A big turnout for country legend Big Tom McBride
People flocked from all over Ireland to rural County Monaghan to pay tribute to the man they called "the King".
Big Tom McBride, as he was affectionately known by his friends and fans, was a renowned musician.
He died on Tuesday aged 81 and his funeral takes place on Friday, 20 April.
The doors of Oram GAA club opened just after midday on Wednesday and a steady stream of people lined up to say one last goodbye.
Mr McBride was best known for his role as the front man in Big Tom and The Mainliners.
His band mate Henry McMahon, who grew up only three miles from Big Tom, was in Oram to pay tribute to his close friend.
"Big Tom was an icon, and carried his stardom very light, he was an absolute gentleman," he said.
Henry attributes The Mainliners' initial success to appearing on RTÉ - the national broadcaster in Ireland.
"We got a spot on The Showband Show. The other artist on the show that night was Joe Dolan and the newcomer spot was The Mainliners.
"Big Tom sang a song called Gentle Mother and that was the start of a fabulous career for us all.
"The craic was great because we were all doing something we loved. We didn't look at it as a job at all," he added.
Big Tom was a big influence on country singer Derek Ryan. Derek even shared the stage with Big Tom when he was a young boy.
"I got to support him when I was 12 years-old. Myself and my brother supported Big Tom at the Lord Bagenal in Leighlinbridge Bridge, County Carlow.
"The band let me play the drums, and I told everybody I was playing Big Tom's drums - I was delighted with myself.
"It is a sad day and it's a loss to Irish music," he said.
Tom McBride was given the freedom of Castleblaney in 2014 when Gary Carville was the town mayor
Mr Carville said Big Tom's "unique contribution to country music" merited special recognition.
Mr Carville said Big Tom's music "touched the hearts" of many people.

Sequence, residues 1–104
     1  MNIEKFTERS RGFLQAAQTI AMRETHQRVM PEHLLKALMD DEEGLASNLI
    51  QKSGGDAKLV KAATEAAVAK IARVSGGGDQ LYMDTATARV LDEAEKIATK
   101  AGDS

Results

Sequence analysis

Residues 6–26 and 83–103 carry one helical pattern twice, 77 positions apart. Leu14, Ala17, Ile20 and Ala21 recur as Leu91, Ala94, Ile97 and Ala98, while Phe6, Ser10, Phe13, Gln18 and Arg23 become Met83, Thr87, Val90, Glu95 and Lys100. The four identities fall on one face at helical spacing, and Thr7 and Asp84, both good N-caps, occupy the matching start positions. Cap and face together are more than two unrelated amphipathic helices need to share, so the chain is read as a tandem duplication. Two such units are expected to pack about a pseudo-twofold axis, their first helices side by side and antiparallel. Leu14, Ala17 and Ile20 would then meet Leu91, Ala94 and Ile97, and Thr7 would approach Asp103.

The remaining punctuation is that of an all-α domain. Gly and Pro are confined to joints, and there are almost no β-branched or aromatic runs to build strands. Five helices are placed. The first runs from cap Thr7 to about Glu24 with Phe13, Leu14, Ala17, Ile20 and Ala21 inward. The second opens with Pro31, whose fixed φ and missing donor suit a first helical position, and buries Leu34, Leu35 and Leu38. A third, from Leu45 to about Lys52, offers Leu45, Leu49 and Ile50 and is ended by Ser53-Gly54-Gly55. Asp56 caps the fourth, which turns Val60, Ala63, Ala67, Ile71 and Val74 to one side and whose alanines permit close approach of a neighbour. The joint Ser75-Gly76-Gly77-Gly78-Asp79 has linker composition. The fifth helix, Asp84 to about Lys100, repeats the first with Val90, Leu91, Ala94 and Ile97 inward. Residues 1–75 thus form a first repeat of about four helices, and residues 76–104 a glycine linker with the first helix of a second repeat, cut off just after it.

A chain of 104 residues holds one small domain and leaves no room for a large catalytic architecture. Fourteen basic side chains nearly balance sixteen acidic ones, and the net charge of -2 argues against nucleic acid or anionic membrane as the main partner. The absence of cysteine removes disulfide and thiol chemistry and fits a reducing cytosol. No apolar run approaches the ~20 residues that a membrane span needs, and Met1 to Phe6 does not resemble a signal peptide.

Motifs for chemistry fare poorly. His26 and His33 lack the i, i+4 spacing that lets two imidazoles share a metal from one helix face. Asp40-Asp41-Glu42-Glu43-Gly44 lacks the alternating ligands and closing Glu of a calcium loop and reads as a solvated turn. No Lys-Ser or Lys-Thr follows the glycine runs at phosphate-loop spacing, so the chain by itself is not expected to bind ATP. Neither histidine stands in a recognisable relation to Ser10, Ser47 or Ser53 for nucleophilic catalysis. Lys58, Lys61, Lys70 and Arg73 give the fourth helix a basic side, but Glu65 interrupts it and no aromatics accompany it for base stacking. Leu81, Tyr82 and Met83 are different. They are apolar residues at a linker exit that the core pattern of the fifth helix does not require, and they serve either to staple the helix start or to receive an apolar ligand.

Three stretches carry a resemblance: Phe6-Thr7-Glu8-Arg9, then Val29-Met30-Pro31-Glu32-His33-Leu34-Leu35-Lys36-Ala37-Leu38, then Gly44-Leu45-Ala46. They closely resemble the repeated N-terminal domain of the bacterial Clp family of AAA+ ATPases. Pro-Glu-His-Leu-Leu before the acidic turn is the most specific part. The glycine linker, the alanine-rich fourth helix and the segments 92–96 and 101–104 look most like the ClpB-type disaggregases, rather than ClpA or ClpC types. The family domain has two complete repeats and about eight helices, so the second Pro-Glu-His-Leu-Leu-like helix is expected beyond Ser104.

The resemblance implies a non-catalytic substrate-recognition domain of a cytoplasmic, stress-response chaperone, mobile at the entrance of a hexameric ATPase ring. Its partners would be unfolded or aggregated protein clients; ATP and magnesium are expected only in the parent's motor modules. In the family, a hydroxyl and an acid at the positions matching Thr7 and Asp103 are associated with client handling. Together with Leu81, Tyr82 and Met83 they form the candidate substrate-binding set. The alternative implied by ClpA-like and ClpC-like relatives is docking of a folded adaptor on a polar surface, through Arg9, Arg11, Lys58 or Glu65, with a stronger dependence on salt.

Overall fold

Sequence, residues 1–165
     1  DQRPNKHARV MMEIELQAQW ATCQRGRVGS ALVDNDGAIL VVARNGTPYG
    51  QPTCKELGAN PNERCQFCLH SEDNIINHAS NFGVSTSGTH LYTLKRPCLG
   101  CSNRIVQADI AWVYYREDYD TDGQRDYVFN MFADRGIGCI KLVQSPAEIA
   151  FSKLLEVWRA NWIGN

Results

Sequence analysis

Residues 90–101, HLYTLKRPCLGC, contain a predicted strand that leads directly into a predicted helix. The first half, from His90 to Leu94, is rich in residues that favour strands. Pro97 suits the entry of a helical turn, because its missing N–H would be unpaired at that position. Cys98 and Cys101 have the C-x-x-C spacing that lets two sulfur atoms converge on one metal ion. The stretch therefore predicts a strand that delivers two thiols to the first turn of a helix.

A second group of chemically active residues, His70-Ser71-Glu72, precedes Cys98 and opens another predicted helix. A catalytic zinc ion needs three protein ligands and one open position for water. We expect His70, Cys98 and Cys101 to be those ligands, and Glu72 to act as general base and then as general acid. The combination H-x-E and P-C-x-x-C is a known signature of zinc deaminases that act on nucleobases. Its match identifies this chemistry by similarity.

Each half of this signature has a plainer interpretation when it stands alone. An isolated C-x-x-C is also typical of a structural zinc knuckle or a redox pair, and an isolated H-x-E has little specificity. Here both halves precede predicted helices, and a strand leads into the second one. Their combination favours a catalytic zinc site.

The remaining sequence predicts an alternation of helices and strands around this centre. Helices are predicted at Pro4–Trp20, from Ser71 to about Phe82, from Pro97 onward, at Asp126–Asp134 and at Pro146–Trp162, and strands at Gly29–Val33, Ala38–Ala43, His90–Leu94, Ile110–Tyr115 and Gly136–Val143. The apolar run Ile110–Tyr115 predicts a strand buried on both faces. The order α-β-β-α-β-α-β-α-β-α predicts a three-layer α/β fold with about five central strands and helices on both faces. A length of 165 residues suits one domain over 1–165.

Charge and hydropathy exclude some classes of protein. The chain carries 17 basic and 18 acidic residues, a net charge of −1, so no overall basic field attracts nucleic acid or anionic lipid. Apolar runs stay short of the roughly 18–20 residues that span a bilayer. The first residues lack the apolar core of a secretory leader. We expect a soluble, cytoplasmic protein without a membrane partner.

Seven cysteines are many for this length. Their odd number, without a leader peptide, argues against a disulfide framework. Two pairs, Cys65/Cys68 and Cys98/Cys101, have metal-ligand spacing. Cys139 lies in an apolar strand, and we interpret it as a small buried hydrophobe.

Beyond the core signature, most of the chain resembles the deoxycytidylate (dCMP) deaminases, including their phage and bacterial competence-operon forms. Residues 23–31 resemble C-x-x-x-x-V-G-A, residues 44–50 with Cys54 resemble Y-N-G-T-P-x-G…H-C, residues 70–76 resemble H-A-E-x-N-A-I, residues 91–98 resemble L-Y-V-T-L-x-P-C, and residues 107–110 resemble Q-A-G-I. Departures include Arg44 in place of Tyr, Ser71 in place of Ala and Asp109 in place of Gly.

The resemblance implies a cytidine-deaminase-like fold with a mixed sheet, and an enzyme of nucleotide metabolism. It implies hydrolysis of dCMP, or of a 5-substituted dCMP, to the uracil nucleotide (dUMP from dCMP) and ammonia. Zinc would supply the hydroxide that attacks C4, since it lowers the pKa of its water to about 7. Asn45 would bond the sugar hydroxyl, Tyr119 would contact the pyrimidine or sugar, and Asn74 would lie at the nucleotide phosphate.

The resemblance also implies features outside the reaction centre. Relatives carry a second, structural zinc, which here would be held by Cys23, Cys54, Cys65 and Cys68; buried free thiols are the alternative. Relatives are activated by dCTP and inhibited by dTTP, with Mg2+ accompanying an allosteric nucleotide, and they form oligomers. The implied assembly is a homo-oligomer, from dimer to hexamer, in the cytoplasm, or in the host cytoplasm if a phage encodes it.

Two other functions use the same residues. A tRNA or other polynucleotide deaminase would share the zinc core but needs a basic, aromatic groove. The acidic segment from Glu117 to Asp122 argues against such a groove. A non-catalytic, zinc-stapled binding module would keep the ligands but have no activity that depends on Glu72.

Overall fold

"The music Big Tom sang was always that of a story, maybe sometimes sad, but sung in a way that reflected the reality of people's lives," he added.
Reflecting on the impact Big Tom had on country and Irish music, local broadcaster Sean McCaffrery said the singer's influence is easy to see.
"Derek Ryan, Nathan Carter, Lisa McCue, these are all the new kids on the block.
"These boys and girls who are into the country scene now would all say Big Tom played a big part in where they are now.
"He was just Big Tom to us all. It's not until you see the crowds here and the outpouring of grief from a national perspective you realise he touched an awful lot of people's lives.
"You come to a wake expecting grief, but you get so much more. You get the stories, the yarns and the tales.
There is an element of sadness, but there is an element of togetherness," he added.
It wasn't just the music scene that Big Tom had a big role in.
He captained the Oram GAA junior football team in 1963 and remained heavily involved in the club for the rest of this life.
Oram GAA PRO Tony Graham said Big Tom donated a piece of land "free of charge" to Oram GAA so they could have playing fields and a permanent community hub.
He said: "Without Big Tom's support the club wouldn't be standing here today.
"We're very much proud of him and it's a sad day for the community," he added.